As dusk settles in, Valentino ignites the 10-foot fire feature beside the pool. A craftsman pulled rocks from the mountain to make it, chiseling them like puzzle pieces then cementing them together; he also created the outdoor dining table by stacking three boulders as a base for a round slice of glass.
Valentino saves the house’s “little secret” for last. Behind a narrow bookcase that opens in the entryway, he added a laundry room and wine refrigerator to the formerly empty space. Nicholson’s original plans for the Scooby Doo–style hidden storage area remain a mystery.
For 18 months, Valentino oversaw the construction process by day and sourced furnishings, doors, appliances, plumbing fixtures, lighting, and tile online by night. By the time the home was ready to be dressed in its Greek island finery, his garage was packed to the rafters. Aside from photo shoots, he has been keeping the place to himself — and keeping an eye on it from his home across the wash.
The curved walls, softly domed ceiling, and half-moon opening of the fireplace in the master bedroom are balanced against the angles of a wooden bench and the trio of floor mirrors that have become sliding closet doors.
“Every day people drive up the street to get out and take pictures,” he says. “For some reason, they’re really fascinated with this house. Even Gary said, ‘I can’t tell you the number of times people would just be pounding on my gate and saying, ‘I want to see the house.’ I think because it’s such an oddity, they think they’re entitled to go up and see it.” Now, since Valentino has turned the tides of fate for the home, there’s more to see than ever.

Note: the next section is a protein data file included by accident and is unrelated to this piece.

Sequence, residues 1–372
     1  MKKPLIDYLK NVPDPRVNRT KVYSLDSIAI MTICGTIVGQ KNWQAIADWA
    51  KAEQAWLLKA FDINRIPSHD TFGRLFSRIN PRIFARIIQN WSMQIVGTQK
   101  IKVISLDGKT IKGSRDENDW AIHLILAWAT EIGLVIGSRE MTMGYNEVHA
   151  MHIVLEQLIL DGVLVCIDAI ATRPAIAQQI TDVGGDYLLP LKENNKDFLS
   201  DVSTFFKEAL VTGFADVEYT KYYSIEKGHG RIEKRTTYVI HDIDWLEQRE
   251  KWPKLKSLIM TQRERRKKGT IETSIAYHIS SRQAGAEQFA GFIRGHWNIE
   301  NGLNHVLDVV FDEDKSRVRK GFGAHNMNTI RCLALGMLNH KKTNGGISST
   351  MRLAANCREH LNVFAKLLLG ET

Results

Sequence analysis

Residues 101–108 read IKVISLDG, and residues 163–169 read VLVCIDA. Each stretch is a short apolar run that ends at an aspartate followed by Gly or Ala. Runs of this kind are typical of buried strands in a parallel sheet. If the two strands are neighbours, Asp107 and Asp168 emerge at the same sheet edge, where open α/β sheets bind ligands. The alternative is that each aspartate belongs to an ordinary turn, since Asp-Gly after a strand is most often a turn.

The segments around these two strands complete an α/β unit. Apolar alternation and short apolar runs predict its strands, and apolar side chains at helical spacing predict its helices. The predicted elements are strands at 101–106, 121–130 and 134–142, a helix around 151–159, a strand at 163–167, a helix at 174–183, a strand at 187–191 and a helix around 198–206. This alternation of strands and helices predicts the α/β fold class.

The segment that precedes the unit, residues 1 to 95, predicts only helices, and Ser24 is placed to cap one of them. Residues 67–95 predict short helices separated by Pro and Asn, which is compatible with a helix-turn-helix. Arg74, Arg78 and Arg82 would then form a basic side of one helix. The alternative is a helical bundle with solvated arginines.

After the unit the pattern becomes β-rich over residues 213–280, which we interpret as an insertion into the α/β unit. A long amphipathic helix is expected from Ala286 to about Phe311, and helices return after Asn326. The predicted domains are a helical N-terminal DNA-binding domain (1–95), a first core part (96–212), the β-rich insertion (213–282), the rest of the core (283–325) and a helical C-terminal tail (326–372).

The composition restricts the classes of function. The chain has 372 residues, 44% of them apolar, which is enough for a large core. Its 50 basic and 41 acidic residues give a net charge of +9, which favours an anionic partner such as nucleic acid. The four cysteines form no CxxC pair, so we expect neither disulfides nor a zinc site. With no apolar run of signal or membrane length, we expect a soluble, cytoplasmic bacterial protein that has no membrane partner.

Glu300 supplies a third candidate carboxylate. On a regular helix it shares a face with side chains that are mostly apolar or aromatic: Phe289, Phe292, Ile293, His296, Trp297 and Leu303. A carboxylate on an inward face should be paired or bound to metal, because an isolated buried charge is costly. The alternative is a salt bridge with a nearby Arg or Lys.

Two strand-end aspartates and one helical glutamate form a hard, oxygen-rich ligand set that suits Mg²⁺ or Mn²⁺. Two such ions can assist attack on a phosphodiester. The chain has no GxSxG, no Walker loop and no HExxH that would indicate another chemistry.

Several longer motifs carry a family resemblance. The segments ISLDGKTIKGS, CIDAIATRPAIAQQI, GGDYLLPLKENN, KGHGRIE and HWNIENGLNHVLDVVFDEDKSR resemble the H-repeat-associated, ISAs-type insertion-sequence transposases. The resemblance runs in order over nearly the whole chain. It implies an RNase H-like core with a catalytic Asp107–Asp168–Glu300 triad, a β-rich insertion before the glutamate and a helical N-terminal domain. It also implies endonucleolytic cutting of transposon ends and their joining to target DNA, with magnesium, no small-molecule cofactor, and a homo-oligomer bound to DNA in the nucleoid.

Parker had joked that if anything happened to Valentino before they finished, the project would never come to fruition because the plan only existed in Valentino’s mind. “Most people would have told me to go find somebody else,” Valentino admits. “Fortunately, Matt is not one of them.”
Valentino likes to watch the city’s evening lights from the tower, so he ascends the stairway for a look. “There was one point, near the end of the renovation, when I came up here and sat by myself, and I was kind of emotional,” he says. “Because this was really kind of a hit-or-miss thing. Even I didn’t imagine it turning out as beautiful as it did.”